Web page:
(b)lines Ask the Experts – Leased Employees and 403(b) Plans

November 5, 2013 (PLANSPONSOR (b)lines) – “From time to time, we lease employees from a staffing organization.
By PS

“We write a check to the staffing organization, and the staffing organization handles W-2 processing, employment taxes, etc. It would be impossible for such an employee to make elective deferrals to our 403(b) plan; thus, we exclude such employees for elective deferral purposes, as well as for our match, which is tied to elective deferrals. However, I was recently informed that the final 403(b) regulations make no provision for the exclusion of leased employees! If this is correct, is this a “catch-22” situation for us where the law requires us to allow such employees to make elective deferrals to our plan, but we have no such mechanism to do so?” 

Michael A. Webb, Vice President, Retirement Plan Services, Cammack LaRhette Consulting, answers:

Excellent question! The Experts agree that the final 403(b) regulations not only make no provision for the exclusion of leased employees, but the term “leased employee” is not mentioned in the final 403(b) regulations at all! Thus, for guidance in this area, we need to look elsewhere in the Code.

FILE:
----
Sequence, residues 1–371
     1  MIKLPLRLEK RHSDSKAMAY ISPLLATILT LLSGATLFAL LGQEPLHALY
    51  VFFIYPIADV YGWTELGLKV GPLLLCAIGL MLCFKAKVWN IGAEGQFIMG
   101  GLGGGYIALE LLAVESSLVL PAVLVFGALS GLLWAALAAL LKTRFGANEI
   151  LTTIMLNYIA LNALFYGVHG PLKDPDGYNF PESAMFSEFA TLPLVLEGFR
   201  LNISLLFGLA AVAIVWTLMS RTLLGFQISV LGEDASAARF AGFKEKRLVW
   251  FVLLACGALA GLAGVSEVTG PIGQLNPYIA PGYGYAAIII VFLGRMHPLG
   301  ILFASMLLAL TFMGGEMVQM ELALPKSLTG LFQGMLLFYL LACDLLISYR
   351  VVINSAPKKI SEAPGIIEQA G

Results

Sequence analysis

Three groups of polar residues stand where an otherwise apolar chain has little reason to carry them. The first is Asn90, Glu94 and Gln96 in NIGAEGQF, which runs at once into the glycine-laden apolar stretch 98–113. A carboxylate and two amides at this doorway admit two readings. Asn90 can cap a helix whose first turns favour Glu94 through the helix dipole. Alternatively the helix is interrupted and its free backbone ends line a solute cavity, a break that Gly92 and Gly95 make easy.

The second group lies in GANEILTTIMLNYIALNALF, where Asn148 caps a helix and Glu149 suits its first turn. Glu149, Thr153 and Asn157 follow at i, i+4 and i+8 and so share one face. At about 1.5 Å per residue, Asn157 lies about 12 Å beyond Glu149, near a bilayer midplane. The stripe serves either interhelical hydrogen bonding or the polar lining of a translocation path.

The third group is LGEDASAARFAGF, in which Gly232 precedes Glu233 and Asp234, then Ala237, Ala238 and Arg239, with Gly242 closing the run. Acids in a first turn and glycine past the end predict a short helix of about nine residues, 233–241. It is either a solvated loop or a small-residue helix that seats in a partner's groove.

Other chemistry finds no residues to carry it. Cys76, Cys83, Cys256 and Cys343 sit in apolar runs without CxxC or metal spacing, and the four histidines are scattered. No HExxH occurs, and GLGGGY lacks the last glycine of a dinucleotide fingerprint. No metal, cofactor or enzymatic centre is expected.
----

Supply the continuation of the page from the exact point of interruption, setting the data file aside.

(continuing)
Section 414(n)(1) of the Code, which defines leased employees, generally states that such employees should be treated as employees of the entity leasing the employee, and NOT of the staffing organization. However, Section 414(n)(3) of the Code, indicates that such treatment only applies to the following Code sections:

(A) paragraphs (3), (4), (7), (16), (17), and (26) of section 401 (a),

(B) sections 408 (k)408 (p)410411415, and 416, and

(C) sections 79106117 (d)120125127129132137274 (j)505, and 4980B.

 

Do you notice a Code section that is conspicuously absent? Yes, that would be Code Section 403(b)! Thus it appears that leased employees are NOT employees of your organization at all for purposes of applying the universal availability and other nondiscrimination rules of the final 403(b) regulations. This is supported by the lack of reference of leased employees in the final 403(b) regulations; the drafters felt no need to craft a specific exclusion for leased employees, since leased employees are not considered to be employees in the first place for purposes of the application of the provisions of 403(b).

Of course, nonprofit employers should consult with counsel familiar with such matters to determine if their own particular use of staffing organizations permits such employees to be excluded from their 403(b) program for all purposes.

 

NOTE: This feature is to provide general information only, does not constitute legal advice, and cannot be used or substituted for legal or tax advice.

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